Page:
As proposed, the amendments will require issuers that have matters to report in accordance with Section 1503(a) to include brief disclosure in Part II of Form 10-Q, Part I of Form 10-K and Forms 20-F and 40-F noting that they have mine safety violations or other regulatory matters to report in accordance with Section 1503(a), and that the required information is included in an exhibit to the filing. The exhibit would include the detailed disclosure about specific violations and regulatory matters required by Section 1503(a) as implemented in the SEC’s new rules. Many issuers have already implemented this approach in their periodic reports that contain the disclosure required under Section 1503(a). Consistent with the proposal, the final rule does not require disclosure in the body of the periodic report of certain information, such as all fatal accidents or receipt of notice that a mine has a pattern of violations.

The SEC does not believe it is necessary to require this additional disclosure in order to implement Section 1503; and, as noted in the proposing release, that in the event that mine safety matters raise concerns that should be addressed in other parts of a periodic report, such as risk factors, the business description, legal proceedings or management’s discussion and analysis, inclusion of this new disclosure would not obviate the need to discuss mine safety matters in accordance with other rules as appropriate.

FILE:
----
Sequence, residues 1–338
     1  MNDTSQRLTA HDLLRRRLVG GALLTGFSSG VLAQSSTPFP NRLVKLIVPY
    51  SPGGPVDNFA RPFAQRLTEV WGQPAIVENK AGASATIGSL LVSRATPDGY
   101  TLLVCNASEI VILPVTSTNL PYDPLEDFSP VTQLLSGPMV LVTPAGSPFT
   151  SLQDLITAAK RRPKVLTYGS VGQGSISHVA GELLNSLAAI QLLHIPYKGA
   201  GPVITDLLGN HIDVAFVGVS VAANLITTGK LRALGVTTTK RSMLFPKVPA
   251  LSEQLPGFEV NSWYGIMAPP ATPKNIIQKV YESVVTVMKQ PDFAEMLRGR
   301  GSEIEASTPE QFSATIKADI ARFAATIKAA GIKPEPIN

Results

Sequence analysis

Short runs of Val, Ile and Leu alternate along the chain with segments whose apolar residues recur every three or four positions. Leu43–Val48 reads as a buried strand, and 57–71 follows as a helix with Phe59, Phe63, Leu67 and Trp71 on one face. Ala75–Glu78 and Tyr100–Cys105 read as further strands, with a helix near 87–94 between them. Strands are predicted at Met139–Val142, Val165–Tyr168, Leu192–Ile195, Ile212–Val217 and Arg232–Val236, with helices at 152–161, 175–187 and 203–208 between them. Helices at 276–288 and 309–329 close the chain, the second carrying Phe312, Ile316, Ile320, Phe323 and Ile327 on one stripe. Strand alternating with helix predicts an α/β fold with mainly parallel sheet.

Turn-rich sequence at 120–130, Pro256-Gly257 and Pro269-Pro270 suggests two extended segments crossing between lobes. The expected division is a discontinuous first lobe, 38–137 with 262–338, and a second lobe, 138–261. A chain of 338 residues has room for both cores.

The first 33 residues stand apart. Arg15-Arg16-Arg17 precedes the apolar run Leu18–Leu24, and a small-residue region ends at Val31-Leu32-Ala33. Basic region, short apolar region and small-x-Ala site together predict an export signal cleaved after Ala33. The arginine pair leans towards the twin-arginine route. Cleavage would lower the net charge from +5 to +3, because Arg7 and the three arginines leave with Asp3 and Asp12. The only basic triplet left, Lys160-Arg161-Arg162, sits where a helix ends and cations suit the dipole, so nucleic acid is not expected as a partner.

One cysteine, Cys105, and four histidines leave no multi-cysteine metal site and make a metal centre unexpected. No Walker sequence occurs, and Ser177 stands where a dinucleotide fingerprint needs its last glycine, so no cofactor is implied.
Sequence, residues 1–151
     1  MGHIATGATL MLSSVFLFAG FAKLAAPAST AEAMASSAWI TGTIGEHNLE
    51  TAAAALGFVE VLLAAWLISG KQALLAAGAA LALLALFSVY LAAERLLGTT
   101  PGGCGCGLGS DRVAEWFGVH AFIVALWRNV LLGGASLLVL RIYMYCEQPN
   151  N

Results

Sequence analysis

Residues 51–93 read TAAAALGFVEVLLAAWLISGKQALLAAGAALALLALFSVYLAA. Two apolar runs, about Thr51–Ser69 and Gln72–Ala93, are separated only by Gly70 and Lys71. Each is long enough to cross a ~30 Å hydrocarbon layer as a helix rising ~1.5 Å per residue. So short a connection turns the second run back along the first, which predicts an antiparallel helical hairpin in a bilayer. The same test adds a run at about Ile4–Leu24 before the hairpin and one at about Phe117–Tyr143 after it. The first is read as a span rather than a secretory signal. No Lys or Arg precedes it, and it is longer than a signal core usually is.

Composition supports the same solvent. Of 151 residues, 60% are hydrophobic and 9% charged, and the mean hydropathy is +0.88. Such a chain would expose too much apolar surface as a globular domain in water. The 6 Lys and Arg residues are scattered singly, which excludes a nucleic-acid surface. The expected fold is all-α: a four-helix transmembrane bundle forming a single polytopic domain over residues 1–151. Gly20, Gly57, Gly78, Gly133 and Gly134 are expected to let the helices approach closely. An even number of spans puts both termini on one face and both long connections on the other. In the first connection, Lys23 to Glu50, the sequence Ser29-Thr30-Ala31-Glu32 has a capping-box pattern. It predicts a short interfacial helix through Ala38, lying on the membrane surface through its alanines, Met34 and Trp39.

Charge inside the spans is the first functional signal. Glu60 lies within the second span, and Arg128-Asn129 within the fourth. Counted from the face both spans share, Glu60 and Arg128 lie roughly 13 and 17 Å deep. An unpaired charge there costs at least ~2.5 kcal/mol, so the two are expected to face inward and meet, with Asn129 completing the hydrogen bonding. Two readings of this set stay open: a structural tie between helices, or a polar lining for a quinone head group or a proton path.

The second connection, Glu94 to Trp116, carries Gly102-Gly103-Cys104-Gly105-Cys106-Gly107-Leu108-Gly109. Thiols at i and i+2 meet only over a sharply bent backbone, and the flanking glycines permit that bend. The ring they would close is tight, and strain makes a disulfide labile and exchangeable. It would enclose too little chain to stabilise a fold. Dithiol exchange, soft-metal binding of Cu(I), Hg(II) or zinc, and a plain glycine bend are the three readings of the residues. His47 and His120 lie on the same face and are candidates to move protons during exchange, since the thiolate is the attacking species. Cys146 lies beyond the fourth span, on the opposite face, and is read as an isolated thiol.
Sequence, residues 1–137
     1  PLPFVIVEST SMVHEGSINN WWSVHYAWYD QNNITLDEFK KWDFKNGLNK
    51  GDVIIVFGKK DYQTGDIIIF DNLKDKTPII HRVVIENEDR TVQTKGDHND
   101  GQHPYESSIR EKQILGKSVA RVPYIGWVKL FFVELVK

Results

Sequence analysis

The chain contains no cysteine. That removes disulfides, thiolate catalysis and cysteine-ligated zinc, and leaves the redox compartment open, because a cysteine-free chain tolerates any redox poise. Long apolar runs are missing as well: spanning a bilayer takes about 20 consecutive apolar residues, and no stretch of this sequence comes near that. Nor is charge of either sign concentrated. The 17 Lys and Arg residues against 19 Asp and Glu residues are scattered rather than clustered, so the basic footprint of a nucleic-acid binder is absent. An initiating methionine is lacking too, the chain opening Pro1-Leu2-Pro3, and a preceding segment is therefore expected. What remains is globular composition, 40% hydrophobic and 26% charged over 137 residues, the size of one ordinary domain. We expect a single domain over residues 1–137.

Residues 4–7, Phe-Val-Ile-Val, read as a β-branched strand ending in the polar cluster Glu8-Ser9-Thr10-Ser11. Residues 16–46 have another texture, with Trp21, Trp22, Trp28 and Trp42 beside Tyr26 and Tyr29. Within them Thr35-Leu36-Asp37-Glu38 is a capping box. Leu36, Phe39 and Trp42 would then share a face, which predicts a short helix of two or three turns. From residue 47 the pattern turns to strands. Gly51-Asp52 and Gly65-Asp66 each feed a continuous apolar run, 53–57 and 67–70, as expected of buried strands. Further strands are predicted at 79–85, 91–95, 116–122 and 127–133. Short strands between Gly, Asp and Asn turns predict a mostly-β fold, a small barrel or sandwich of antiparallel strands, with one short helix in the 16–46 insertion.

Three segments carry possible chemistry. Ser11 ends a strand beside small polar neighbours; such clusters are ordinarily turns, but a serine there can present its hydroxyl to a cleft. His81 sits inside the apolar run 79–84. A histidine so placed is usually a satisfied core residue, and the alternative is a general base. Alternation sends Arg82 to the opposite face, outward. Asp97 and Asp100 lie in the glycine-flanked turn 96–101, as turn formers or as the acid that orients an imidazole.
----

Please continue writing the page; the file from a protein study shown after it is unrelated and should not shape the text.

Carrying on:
The amended rules, as proposed, do not specify any particular presentation requirements for the new disclosure, but the SEC continues to encourage issuers to use tabular presentations whenever possible if to do so would facilitate investor understanding. Many issuers are currently providing the disclosure required by Section 1503(a) in tabular format in their periodic reports.  The SEC has provided an example of a possible tabular presentation that may encourage uniformity and comparability of disclosures.  However,  issuers are free to present the required information in any presentation they believe is appropriate for the disclosure.

Filed, Not Furnished

The final rules require the disclosure in each periodic report filed with the SEC, and such disclosure will be considered “filed,” not “furnished.”  Therefore, as is the case with other disclosure filed as part of a periodic report, Section 18 of the Exchange Act will apply and the disclosure is encompassed by the Exchange Act Rule 13a-14 and 15d-14 certifications. In addition, if the issuer files a Securities Act registration statement (such as Form S-3) that incorporates by reference its periodic reports, the disclosure included in Exchange Act reports in accordance with the new rules will be incorporated by reference.

Time Periods

The final rule requires each Form 10-Q to include the required disclosure for the quarter covered by the report. For each of Forms 20-F and 40-F, the disclosure is required for the issuer’s fiscal year. Similarly, in a change from the proposal, the final rule requires each Form 10-K to include disclosure of the information for the fiscal year only, not also for the fourth quarter.

Check frequently for updates on the Dodd-Frank Act and other important securities law matters.